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Tomas Plekanec unlikely hero for Canadiens in Game 2

Center scores tying goal against Rangers after poor season

by Arpon Basu @ArponBasu / Senior Managing Editor

MONTREAL -- When Montreal Canadiens center Tomas Plekanec arrived in North America from his native Czech Republic in the fall of 2002, he didn't speak a word of English and knew nothing about playing two-way hockey.

That's when he met Claude Julien.

The Canadiens coach was the coach of Hamilton in the American Hockey League at the time and helped shape Plekanec into the two-way center he eventually became, a role he has played in Montreal for all 12 of his NHL seasons.


[RELATED: Complete Rangers vs. Canadiens series coverage]


Except this season, the offensive side of the two-way center role went dry for Plekanec. He had 28 points (10 goals, 18 assists) in 78 games, the lowest point total of his NHL career, and seemed to have lost the offensive touch that has made him such a valuable player for the Canadiens for so long.

So when the Canadiens were down a goal in the final minute of Game 2 of their Eastern Conference First Round series against the New York Rangers on Friday, facing the possibility of heading to New York down 2-0 in the series, Plekanec seemed to be a peculiar choice to send onto the ice.

But Julien called on him regardless, sending out the Canadiens player he has known the longest for the most critical shift of Montreal's season.

Video: NYR@MTL, Gm2: Plekanec ties game with late tip-in

And Plekanec rewarded him, scoring the tying goal with 17.3 seconds left in the third period to allow Alexander Radulov to score at 18:34 of overtime, tying the best-of-7 series 1-1 with a 4-3 win.

"I thought he was having a good game," Julien said to explain his decision to send Plekanec on the ice. "He's been put in those situations before. He's very capable of playing on the power play as well, but we use him a lot on the penalty kill for his faceoffs and his defensive expertise. … So that doesn't mean that at the end he can't be a good offensive player, and that's why we put him out there."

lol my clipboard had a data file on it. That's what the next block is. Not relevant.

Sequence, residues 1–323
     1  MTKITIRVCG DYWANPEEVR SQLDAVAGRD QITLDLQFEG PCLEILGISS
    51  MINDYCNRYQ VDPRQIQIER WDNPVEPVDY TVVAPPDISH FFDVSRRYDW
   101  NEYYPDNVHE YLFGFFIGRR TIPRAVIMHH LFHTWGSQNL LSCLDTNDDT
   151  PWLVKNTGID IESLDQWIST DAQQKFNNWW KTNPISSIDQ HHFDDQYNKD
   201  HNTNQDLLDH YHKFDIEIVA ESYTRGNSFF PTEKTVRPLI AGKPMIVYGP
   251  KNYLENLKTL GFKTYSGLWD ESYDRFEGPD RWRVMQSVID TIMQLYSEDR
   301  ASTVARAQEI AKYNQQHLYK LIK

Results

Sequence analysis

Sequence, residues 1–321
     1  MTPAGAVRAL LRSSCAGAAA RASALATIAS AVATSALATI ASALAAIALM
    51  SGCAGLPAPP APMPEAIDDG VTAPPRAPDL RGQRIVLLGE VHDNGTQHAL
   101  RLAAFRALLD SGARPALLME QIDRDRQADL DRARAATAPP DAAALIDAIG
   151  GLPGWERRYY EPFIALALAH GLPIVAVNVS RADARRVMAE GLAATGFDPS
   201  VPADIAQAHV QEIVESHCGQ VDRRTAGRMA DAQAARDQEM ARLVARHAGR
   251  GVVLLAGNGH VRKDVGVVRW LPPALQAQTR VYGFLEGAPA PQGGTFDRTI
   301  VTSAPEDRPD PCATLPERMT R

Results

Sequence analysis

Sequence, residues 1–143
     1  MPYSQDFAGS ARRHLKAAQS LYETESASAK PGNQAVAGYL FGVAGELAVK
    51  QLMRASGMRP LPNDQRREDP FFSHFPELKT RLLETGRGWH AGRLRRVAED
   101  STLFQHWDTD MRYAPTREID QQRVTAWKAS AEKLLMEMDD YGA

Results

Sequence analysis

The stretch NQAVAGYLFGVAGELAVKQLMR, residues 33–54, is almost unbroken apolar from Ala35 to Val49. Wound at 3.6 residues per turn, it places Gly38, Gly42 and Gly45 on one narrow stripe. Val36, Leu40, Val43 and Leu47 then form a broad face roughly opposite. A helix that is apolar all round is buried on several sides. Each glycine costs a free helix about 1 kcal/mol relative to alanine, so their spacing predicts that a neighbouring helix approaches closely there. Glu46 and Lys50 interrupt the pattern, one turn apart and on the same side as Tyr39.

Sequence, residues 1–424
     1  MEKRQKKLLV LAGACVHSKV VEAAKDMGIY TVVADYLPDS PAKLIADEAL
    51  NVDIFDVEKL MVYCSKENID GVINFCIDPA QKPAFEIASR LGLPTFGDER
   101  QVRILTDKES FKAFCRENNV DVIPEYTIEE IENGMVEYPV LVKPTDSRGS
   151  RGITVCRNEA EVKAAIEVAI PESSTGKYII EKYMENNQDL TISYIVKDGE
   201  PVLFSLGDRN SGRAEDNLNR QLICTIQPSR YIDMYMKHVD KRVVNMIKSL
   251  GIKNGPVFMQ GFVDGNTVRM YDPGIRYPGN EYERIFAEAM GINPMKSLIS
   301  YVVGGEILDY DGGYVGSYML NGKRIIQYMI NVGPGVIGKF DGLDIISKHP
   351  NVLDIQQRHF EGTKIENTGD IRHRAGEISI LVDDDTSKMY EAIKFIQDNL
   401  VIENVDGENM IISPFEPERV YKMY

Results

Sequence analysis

The Canadiens were changing on the fly as they entered the Rangers zone with just over a minute to play and goaltender Carey Price on the bench for the extra attacker when center Phillip Danault went for a change and Plekanec jumped on the ice.

While the Canadiens worked the puck around the offensive zone, Plekanec got set up in front of the Rangers net, where he was met by New York defenseman Nick Holden.

After a few battles in front for positioning, Holden took a swing at Plekanec's stick and broke his own in the process. It was a critical moment because it meant Holden was unable to tie up Plekanec's stick when he took a centering pass from Radulov and tipped the puck into the far corner behind Henrik Lundqvist to tie the game on Montreal's 44th shot on goal.

The normally demure and stoic Plekanec jumped into the glass, and his teammates mobbed him to celebrate with the ecstatic Bell Centre crowd.

"It was a big one," Plekanec said. "It doesn't matter who scored that goal, we're happy that somebody got that and got the game to overtime.

"It was one game. At the end of the game, it doesn't matter how we got it, but we got the game. We've got to stay humble and do the little things better than we've done in the series."

Video: NYR@MTL, Gm2: Radulov stuffs home OT winner

Plekanec hasn't had many moments to celebrate this season. But his teammates watch what he does every day, how he is assigned the opposing team's top offensive players game after game, how he takes big faceoffs, how he does things that people watching the game might not notice but people playing the game invariably do.

To see Plekanec do what he did after the season he has gone through made it doubly sweet for those teammates.

"He's not a guy that's going to outright say it, but you know that a guy that expects a lot, demands a lot of himself, could get frustrated at times," defenseman Shea Weber said. "Especially when he's asked to play a certain role and he does it really well. He's good on faceoffs, he's on the penalty kill, it's kind of an unsung thing.

"A lot of guys don't talk about those guys."

A lot of guys are talking about Plekanec now, even if he had trouble recognizing just how important the goal he scored Friday was.

After the game in the dressing room, Canadiens public address announcer Michel Lacroix quietly offered Plekanec the puck from his goal. He suggested to Lacroix that he put it on eBay.

"I don't know, it's a goal," Plekanec said later when asked why he didn't take it. "I mean, I'm not going to take a puck for every single goal. It was a big goal but …"

Plekanec's words trailed off.

He is 34 and has had a tremendous career, 10th in Canadiens history in games played (921) and 16th in points (581), leaving a mark on the most storied team in the NHL.

But this season was a difficult one, and because of that it wasn't just another big goal, and at that moment he seemed to realize it. 
"You know what?" Plekanec said. "I'm going to go take it."

That moment is one that is worth remembering.

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